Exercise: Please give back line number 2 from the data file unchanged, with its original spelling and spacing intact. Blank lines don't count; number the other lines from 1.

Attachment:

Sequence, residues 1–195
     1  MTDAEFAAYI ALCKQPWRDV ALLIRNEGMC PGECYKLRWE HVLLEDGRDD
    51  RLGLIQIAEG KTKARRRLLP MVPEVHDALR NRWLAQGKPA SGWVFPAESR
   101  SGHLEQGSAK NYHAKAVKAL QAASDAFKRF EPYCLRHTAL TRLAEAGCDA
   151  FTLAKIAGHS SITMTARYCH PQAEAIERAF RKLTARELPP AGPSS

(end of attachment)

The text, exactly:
     1  MTDAEFAAYI ALCKQPWRDV ALLIRNEGMC PGECYKLRWE HVLLEDGRDD